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ADVERTISING.

TH

HE question as to the most effective methods for making known to the public that a book has been published, and for keeping before the public the fact of its existence, is one of the most perplexing problems in the publisher's business, and one the difficulties of which are often not realized by authors. Advertising, may be divided into direct and indirect. Under the former heading would be included the printing of the descriptive title of the book in the catalogue and special lists of the publisher, the purchase of advertising space in the journals or magazines, and the distribution among booksellers and book-buyers of show-bills and descriptive circulars. Under the latter would come the distribution of copies for review, and the consigning of specimen copies to booksellers for sale.

If a work is published at the expense of the author, the cost of all advertising, except that of printing the title in the publisher's lists, is charged to him, and only such outlay is incurred as he may have authorized. If, on the other hand, the investment in the publication is borne by the publisher, the cost of the advertising has to be paid by him, and the decision as to the amount which will be likely to prove remunerative, must rest with his judgment.

The leading publishing houses issue general classified catalogues of their publications, which are revised and reshaped about once in two years. It is further customary to print, usually in the spring and fall of each year, separate lists of the publications of the season; and from these lists.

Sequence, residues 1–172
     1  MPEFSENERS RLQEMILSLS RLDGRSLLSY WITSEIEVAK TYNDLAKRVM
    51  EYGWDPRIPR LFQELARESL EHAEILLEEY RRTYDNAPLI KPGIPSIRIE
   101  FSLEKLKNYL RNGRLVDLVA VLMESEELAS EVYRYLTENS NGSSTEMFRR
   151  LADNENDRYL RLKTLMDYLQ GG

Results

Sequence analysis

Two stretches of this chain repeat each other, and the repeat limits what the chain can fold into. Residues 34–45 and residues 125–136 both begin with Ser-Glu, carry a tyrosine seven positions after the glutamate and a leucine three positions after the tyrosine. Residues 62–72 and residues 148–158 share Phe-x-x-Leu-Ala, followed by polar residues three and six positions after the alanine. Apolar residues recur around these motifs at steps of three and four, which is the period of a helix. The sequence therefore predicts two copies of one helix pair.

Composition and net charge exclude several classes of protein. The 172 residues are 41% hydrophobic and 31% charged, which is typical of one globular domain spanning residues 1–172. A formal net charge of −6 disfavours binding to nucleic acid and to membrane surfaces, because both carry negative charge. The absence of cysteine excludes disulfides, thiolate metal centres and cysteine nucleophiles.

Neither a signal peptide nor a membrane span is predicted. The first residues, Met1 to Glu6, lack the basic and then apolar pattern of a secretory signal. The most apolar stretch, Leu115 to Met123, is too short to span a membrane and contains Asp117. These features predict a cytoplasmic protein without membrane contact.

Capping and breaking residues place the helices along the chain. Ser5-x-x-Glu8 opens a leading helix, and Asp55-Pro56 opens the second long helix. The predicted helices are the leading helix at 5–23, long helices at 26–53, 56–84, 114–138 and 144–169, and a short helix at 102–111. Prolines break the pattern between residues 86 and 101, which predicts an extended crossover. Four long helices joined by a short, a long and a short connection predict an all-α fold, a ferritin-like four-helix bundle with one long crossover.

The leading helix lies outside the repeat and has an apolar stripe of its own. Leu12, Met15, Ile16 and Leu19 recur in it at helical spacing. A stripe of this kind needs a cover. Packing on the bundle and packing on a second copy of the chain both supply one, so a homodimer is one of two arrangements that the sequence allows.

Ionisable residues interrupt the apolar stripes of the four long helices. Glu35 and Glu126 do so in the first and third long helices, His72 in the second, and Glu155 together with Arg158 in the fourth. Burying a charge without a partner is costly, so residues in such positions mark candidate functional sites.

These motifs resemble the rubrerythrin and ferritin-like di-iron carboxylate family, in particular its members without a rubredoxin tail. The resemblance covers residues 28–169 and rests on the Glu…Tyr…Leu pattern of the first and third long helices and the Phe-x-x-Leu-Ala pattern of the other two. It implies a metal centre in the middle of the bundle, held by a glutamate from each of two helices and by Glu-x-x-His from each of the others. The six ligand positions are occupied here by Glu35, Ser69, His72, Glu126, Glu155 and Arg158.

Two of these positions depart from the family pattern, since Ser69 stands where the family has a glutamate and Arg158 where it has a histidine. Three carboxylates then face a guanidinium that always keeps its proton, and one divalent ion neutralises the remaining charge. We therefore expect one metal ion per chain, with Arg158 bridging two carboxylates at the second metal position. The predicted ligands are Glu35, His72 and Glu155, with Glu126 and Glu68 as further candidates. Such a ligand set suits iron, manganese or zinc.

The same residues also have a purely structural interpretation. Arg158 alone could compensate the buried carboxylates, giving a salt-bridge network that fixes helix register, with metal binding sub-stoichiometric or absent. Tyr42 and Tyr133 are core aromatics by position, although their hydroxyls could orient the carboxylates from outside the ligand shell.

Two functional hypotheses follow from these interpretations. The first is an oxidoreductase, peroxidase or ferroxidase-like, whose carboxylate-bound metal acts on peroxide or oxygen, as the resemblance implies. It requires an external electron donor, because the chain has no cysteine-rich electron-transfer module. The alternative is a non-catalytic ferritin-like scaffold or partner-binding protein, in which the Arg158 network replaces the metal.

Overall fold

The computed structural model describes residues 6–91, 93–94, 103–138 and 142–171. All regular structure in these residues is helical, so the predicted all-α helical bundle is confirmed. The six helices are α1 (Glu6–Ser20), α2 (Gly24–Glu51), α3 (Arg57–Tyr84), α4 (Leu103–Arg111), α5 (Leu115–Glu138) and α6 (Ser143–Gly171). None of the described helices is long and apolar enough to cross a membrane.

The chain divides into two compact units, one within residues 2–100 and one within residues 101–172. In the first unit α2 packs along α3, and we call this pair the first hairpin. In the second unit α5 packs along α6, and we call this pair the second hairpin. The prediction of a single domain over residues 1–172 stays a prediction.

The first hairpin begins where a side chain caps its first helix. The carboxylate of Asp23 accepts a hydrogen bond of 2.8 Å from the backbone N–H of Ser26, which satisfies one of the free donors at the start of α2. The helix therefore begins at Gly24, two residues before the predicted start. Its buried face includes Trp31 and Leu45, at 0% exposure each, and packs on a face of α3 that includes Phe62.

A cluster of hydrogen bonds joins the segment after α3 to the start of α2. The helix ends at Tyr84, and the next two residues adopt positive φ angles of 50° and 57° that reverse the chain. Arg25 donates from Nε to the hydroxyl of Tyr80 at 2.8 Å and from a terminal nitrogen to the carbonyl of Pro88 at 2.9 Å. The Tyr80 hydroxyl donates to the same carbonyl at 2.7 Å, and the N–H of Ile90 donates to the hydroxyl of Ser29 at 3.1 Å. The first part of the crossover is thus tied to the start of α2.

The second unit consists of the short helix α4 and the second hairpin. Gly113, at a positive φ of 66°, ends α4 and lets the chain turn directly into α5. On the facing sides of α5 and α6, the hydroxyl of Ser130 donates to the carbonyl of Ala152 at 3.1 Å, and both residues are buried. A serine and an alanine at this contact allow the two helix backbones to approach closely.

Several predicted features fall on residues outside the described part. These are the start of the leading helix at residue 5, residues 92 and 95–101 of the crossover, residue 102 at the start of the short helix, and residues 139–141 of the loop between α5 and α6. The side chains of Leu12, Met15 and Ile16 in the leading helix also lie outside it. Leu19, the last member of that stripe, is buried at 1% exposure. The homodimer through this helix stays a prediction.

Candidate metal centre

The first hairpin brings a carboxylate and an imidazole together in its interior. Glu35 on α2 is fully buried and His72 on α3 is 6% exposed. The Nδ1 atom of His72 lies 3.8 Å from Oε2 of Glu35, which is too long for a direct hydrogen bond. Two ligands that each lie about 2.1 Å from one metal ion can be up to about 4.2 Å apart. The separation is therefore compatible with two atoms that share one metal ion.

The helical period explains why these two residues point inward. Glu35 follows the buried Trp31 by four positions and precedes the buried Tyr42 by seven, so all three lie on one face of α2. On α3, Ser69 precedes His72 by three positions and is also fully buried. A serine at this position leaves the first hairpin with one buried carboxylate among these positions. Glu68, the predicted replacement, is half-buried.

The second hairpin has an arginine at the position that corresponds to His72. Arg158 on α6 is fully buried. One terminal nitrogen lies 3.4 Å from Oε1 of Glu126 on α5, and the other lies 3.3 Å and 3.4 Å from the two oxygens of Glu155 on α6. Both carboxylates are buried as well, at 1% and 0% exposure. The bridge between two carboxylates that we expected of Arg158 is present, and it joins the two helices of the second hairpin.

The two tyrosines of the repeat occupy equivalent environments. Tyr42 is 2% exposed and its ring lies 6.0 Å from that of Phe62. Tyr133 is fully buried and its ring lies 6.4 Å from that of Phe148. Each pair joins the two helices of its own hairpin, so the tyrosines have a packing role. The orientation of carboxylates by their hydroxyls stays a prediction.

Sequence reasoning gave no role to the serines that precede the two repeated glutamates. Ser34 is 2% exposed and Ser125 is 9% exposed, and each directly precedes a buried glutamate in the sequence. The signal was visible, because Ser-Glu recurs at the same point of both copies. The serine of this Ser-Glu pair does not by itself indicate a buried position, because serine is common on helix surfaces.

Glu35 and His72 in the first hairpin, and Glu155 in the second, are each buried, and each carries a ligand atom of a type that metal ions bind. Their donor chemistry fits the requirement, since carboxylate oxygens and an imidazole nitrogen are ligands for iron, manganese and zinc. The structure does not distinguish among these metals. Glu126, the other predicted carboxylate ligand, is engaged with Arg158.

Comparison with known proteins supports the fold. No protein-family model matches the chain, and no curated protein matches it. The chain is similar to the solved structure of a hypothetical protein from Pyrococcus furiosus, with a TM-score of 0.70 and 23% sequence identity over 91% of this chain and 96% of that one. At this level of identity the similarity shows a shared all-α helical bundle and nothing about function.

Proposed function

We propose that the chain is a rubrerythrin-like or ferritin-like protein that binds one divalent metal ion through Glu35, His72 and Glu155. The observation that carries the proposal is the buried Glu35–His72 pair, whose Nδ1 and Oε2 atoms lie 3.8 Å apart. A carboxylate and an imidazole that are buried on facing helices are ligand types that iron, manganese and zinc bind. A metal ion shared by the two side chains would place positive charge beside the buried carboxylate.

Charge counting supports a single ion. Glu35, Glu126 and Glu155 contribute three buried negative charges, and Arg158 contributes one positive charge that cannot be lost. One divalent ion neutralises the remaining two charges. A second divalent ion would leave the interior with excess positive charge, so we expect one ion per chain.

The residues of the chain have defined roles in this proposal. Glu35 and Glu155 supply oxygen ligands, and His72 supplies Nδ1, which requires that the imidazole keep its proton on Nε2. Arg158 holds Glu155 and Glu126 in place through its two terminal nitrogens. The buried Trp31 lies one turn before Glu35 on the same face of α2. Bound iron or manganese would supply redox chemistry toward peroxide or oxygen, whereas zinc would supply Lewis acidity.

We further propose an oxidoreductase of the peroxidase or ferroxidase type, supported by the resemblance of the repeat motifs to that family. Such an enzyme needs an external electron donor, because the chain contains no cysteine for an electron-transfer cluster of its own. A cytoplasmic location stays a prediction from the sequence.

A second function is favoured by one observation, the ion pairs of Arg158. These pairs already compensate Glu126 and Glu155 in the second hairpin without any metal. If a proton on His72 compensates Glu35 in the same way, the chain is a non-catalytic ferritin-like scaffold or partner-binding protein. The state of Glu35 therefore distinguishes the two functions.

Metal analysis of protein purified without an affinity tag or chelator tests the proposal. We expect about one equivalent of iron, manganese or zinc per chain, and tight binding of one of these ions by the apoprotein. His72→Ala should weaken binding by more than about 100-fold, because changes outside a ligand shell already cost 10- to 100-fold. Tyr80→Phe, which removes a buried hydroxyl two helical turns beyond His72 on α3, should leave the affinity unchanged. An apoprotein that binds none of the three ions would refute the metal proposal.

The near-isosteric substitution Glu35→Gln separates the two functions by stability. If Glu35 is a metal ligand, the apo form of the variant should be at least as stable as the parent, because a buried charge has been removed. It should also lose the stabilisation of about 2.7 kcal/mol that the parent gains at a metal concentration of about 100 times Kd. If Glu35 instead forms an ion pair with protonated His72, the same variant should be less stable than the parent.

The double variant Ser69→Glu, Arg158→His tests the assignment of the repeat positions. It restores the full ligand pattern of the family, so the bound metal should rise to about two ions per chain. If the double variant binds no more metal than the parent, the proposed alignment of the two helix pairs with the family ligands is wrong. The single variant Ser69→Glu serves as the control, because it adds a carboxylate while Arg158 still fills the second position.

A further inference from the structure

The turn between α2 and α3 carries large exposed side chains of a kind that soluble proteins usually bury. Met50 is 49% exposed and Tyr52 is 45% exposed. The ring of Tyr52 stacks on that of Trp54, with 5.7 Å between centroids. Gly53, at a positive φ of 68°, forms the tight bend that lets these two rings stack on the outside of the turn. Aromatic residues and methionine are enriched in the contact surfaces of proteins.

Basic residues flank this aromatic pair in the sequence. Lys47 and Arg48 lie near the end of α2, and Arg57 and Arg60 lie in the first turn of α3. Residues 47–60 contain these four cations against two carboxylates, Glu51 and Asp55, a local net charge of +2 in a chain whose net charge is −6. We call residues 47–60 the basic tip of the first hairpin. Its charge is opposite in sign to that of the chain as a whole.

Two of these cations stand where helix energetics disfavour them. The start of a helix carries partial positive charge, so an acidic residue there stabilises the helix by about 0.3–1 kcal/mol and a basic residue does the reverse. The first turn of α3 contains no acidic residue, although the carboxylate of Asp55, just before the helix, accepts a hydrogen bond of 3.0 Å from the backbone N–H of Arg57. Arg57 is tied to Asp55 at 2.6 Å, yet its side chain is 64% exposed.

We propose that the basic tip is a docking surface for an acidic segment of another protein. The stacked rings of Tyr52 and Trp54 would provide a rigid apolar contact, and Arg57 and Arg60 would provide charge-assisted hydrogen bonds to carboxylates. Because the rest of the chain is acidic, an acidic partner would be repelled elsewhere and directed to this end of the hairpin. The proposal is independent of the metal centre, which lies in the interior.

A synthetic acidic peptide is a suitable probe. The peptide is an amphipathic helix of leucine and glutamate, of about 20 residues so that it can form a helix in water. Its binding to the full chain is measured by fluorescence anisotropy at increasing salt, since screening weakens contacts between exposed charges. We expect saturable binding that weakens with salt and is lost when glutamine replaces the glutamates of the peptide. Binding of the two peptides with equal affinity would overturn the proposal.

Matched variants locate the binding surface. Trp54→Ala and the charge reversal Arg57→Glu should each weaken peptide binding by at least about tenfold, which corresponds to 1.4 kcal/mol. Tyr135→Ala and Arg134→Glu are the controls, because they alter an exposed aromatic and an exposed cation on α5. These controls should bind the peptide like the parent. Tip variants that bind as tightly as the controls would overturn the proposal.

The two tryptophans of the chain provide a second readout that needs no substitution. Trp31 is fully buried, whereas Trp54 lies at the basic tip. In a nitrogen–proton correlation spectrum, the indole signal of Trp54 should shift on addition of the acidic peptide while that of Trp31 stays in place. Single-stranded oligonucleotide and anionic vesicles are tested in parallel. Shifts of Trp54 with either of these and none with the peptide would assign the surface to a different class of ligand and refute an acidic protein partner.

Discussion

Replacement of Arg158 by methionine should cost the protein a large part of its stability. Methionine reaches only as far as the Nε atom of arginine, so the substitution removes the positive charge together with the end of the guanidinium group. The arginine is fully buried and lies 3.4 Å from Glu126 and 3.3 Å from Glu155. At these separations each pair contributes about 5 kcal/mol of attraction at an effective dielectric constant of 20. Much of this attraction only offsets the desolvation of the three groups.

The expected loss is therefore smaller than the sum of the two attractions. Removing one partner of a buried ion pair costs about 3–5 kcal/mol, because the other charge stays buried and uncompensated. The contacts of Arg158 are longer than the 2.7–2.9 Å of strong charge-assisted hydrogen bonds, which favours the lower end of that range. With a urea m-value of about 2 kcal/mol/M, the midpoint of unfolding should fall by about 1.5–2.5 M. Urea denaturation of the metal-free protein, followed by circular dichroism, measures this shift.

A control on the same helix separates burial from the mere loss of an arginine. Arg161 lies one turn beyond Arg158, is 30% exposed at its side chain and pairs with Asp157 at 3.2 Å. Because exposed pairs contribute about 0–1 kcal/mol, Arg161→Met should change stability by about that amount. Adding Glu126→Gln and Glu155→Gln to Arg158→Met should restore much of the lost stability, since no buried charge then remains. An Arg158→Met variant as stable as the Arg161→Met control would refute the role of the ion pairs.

the titles of those works which seem likely to remain in continued demand are afterward transferred to the general catalogue. These lists of the season's issues, and from time to time the complete catalogues, are mailed to the principal libraries throughout the country, to the leading booksellers, and to lists of book-buyers, as far as the publishers succeed in collecting the names of such. The quantities regularly distributed through these channels are quite considerable. According to the records used, there are in the United States some 2,400 public libraries, and about 6,000 booksellers, and perhaps 900 of the former and 1,200 of the latter are usually considered of sufficient importance to be placed on the regular mailing lists for the spring and fall catalogues of new publications. In addition to such distribution, publishers receive daily applications for book-lists and catalogues from different parts of the country, and often have occasion to mail in this way, in the course of a season, some thousands of copies. A still further channel of distribution is through the booksellers, who obtain from the publisher supplies of from 250 to 1,000 copies of the book-lists of the season, bearing their several local imprints.